Can Audit Reforms Affect the Information Role of Audits? Evidence from the German Market
Posted: 29 Apr 2009
Date Written: October 18, 2008
We investigate whether audit reforms affect the information role of audits in a country where the audit traditionally serves a statutory reporting function. Specifically, we investigate the audit market effects of audit reforms mandated by the German government in the Act on Control and Transparency of Enterprises. We test for differences in the types of audit reports issued, the information content of first time going-concern audit opinions, and the demand for dominant audit suppliers pre and post the implementation of the Act to draw inferences on whether the audit reforms enhanced the information role of German audits. We find an increase in the frequency of modified audit opinions after the audit objective changed from verifying assets in place to identifying and reporting concern uncertainties and non-compliant financial reporting practices. We also find an increase in the information content of first time going-concern audit reports issued after the audit reforms are implemented. In addition, the results also indicate an increase in the demand for dominant audit suppliers in the post-reform years. Moreover, we document a significant increase in the number of auditor lawsuits after the audit reforms went into effect. Collectively, our results suggest that the audit reforms improved the information role of German audits and that German firms responded to the improvement in audit reporting by increasing their demand for dominant audit suppliers.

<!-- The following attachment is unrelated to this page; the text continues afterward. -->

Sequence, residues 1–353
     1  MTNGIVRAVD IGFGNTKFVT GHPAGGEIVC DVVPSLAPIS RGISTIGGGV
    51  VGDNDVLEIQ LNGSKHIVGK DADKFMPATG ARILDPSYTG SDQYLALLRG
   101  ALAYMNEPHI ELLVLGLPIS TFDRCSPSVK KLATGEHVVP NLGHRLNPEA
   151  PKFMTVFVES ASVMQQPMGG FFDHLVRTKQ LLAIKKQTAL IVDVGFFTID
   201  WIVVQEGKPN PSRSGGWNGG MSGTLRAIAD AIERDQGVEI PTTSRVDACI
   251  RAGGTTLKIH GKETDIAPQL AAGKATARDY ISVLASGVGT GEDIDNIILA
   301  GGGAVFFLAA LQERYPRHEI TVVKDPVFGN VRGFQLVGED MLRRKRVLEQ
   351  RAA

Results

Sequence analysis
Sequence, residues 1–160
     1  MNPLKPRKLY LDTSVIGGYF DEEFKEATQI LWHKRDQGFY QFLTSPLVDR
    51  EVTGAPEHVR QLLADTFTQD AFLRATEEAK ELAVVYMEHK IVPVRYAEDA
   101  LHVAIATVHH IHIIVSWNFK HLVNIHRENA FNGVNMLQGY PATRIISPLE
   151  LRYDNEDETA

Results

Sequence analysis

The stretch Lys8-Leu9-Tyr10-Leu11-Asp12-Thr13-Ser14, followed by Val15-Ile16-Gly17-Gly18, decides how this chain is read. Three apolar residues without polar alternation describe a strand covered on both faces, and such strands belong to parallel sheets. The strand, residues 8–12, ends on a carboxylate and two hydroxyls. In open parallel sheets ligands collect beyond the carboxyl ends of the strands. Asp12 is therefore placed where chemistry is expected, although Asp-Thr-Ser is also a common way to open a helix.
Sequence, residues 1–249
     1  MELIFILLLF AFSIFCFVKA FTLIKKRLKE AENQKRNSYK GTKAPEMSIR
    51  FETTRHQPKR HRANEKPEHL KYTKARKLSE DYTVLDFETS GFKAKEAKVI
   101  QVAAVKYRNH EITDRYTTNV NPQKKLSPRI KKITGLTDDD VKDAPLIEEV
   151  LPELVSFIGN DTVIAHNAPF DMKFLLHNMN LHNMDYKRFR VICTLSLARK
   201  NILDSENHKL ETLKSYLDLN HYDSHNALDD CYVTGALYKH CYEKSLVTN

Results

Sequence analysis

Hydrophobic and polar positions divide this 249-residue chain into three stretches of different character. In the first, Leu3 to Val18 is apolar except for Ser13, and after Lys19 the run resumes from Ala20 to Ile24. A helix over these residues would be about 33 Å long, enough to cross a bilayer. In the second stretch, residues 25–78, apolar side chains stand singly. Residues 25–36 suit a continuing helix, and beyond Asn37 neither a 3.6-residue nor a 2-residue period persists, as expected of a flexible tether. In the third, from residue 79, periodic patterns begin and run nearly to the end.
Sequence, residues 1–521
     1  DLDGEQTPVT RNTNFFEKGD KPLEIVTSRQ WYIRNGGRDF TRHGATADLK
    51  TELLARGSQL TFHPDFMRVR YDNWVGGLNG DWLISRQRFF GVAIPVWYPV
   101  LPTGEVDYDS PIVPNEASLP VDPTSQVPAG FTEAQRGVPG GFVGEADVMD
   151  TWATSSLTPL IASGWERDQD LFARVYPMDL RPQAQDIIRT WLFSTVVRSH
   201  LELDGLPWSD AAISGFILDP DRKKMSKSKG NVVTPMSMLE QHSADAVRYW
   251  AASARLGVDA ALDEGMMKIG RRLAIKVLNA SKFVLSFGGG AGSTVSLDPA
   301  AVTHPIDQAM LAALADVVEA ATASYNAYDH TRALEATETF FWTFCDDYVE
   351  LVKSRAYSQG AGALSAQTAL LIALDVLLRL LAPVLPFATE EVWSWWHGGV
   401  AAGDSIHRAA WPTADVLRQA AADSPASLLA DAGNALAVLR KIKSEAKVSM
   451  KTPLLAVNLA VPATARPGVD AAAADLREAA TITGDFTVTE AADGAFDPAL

Keywords: Audit reforms, Audit opinions, Audit quality, Auditor liability
JEL Classification: L15, L84, M49, O16, K22
Suggested Citation: Suggested Citation